"You have to be patient in the spring," Wilson says. "You can sit for awhile with no action, and then — all of the sudden — it's 'pop, pop, pop' as a school of trout moves through the area and hits your bait or lure."

Tips for success

Wilson provides the following tips for success:

Bait

If you're fishing for rainbow trout, PowerBait and nightcrawlers are excellent baits to use during ice off. Wilson recommends placing a large sinker on your line, a foot or two above your hook, and then casting your bait and letting it sink to the bottom of the water you're fishing.

Another strategy is to float your bait one or two feet off the bottom. PowerBait comes in a floating variety that will float at whatever distance you place the hook from the sinker.

You can also catch cutthroat trout, tiger trout, lake trout and splake (a cross between a lake trout and a brook trout) with nightcrawlers or PowerBait. However, chub meat is much more effective.

Drew Cushing, warm water sport fisheries coordinator for the DWR, says cutthroat trout, tiger trout, lake trout and splake are predatory fish. "Chubs are one of the main fish they prey on," he says. "That makes chub meat one of the best baits to use during ice off."

Chubs and the four trout species live in the same waters. To catch a chub, put a bobber on your line about two or three feet above your hook, crimp a split shot about one foot above your hook, and then place a small piece of nightcrawler on the hook.

Cast your offering out, and then wait for a chub to bite.

After you catch a chub, cut its meat into small pieces. Then, to catch a trout, place a piece of chub meat on the same hook you caught the chub on, and cast it out, letting the chub meat dangle beneath your bobber.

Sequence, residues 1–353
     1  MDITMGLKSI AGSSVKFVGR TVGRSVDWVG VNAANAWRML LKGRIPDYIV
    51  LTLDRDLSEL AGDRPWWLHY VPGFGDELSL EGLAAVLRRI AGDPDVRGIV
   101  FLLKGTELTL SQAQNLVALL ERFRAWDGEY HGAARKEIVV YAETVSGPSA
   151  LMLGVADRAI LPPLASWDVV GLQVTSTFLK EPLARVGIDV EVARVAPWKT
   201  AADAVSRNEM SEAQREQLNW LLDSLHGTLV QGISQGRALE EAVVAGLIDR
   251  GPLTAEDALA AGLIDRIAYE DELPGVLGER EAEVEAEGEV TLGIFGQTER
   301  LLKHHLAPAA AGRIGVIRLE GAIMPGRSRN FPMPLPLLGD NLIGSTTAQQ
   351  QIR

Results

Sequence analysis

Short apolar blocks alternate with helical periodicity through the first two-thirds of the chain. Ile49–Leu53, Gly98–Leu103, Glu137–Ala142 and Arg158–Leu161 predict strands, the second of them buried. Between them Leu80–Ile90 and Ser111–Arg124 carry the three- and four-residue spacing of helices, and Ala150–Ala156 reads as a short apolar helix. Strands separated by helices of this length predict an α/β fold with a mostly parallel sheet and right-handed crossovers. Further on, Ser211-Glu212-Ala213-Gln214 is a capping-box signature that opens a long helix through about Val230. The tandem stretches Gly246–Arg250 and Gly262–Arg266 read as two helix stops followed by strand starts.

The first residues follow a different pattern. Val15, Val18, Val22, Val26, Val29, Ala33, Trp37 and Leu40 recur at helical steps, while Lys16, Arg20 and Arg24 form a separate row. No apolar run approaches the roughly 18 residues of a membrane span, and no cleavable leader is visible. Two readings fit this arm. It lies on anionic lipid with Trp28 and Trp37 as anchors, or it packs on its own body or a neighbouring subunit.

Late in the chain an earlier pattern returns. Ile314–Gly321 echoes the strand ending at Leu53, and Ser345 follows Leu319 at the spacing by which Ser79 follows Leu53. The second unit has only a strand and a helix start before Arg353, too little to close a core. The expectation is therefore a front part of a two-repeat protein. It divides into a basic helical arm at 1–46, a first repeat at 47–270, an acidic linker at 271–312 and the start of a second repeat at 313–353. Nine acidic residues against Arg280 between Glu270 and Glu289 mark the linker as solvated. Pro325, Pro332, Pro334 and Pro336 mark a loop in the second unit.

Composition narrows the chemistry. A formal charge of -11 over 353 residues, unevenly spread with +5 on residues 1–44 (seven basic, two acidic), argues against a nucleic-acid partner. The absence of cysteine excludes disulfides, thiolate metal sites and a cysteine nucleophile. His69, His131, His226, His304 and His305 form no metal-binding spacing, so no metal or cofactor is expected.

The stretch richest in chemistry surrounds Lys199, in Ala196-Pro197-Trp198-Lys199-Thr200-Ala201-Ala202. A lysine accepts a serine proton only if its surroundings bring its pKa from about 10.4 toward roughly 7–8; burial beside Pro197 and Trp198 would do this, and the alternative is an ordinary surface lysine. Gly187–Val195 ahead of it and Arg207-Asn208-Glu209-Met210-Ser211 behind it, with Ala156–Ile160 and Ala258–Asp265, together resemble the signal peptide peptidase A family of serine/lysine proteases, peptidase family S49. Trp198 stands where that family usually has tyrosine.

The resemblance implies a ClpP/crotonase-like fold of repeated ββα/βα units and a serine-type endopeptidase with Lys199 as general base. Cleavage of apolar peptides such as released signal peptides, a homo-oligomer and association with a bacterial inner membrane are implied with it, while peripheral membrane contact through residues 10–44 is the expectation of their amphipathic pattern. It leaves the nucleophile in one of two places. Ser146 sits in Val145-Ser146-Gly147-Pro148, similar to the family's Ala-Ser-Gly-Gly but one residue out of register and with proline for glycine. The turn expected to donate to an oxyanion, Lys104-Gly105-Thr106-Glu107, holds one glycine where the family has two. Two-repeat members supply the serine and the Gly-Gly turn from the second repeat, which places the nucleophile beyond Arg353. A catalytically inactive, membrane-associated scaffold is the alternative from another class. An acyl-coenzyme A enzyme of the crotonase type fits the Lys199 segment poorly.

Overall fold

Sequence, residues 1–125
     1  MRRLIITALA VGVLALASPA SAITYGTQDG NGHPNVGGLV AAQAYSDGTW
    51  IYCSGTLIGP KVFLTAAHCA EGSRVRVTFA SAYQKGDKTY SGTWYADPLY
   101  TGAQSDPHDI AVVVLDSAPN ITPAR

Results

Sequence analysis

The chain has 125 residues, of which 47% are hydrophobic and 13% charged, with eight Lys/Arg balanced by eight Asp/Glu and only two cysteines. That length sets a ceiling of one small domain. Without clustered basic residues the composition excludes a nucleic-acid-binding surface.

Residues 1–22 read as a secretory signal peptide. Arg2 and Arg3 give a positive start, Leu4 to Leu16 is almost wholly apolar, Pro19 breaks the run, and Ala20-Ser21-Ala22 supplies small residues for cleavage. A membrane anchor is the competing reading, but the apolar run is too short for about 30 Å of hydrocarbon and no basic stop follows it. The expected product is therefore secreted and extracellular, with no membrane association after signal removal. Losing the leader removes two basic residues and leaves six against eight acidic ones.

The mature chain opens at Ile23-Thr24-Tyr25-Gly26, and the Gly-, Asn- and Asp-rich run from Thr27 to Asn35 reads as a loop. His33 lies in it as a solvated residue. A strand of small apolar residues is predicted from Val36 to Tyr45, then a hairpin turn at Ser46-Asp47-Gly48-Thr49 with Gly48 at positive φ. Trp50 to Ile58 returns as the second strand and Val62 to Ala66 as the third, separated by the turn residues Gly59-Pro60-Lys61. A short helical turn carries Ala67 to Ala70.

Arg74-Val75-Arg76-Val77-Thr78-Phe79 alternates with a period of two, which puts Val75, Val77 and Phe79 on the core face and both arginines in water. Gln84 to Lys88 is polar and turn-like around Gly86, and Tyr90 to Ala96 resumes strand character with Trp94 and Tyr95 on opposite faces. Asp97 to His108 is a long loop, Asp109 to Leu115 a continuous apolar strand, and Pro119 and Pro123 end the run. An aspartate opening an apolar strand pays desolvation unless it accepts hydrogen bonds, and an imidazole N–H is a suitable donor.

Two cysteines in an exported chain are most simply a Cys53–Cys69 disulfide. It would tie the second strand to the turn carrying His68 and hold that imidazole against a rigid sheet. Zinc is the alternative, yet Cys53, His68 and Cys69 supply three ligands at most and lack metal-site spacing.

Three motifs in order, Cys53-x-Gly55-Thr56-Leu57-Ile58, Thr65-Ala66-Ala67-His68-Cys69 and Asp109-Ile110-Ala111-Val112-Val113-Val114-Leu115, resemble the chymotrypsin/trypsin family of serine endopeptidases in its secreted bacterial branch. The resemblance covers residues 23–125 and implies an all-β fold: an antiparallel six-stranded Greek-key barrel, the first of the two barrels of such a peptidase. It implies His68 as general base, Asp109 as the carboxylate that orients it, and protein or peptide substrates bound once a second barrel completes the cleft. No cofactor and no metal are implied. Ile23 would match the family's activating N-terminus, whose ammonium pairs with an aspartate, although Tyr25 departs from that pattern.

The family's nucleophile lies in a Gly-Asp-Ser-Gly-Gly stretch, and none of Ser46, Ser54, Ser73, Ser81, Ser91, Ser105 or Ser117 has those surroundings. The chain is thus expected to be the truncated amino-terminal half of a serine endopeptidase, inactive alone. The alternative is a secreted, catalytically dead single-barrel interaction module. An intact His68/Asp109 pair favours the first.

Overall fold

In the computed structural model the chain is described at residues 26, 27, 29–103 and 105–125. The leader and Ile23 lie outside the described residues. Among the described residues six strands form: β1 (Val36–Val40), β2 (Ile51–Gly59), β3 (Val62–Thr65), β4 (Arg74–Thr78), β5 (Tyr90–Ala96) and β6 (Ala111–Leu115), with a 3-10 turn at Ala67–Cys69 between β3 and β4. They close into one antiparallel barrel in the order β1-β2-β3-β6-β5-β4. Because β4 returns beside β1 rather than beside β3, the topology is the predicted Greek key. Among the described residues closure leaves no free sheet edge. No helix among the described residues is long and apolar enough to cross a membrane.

Lures and flies

If you decide to use a lure or a fly, use one that resembles a leech. Dark-colored tube jigs and grubs are excellent lures to try. For fly anglers, dark wooly buggers are the ticket.

To fish these lures and flies effectively:

  • Fill a clear plastic bobber about half full of water. The water will make the bobber heavier, but it will still float.
  • Slide the bobber about two to three feet up your line, and then crimp a small split shot below the bobber. The split shot will prevent the bobber from sliding down on your lure.
  • Tie your jig or fly to the end of the line, and cast it out.
  • After the jig or fly hits the water, it will sink below the bobber. Slowly retrieve the jig or fly back to you. Watch the bobber; as soon as a fish takes your lure or fly, the bobber will start to move, or it will go under the water. When it does, pull back on your rod and set the hook!

Scent

Wilson suggests coating your lure with Smelly Jelly or another type of scent. Also, placing a piece of nightcrawler onto your lure's hook is another great idea. "This is especially important if you're fishing a plastic lure," he says. "Even if a fish has already struck the lure, if the lure has some scent on it, there's a good chance the fish will strike it again."

Cast onto the ice

Wilson says the open water near the edge of the ice is a great spot to cast your bait or to start retrieving your lure. If the ice isn't too far away, getting your bait or lure to the edge of the ice is easy; simply cast your bait or lure onto the ice, and then retrieve it towards you until it falls into the water at the edge of the ice.